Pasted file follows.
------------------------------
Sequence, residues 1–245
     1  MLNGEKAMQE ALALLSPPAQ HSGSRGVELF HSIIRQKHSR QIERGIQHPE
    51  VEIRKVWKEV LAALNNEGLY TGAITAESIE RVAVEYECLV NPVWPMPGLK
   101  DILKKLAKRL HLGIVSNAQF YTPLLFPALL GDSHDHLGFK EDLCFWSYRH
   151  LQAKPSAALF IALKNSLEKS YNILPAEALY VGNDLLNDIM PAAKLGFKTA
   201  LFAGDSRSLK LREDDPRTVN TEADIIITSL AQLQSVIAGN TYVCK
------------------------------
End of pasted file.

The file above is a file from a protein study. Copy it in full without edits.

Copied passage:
Sequence, residues 1–245
     1  MLNGEKAMQE ALALLSPPAQ HSGSRGVELF HSIIRQKHSR QIERGIQHPE
    51  VEIRKVWKEV LAALNNEGLY TGAITAESIE RVAVEYECLV NPVWPMPGLK
   101  DILKKLAKRL HLGIVSNAQF YTPLLFPALL GDSHDHLGFK EDLCFWSYRH
   151  LQAKPSAALF IALKNSLEKS YNILPAEALY VGNDLLNDIM PAAKLGFKTA
   201  LFAGDSRSLK LREDDPRTVN TEADIIITSL AQLQSVIAGN TYVCK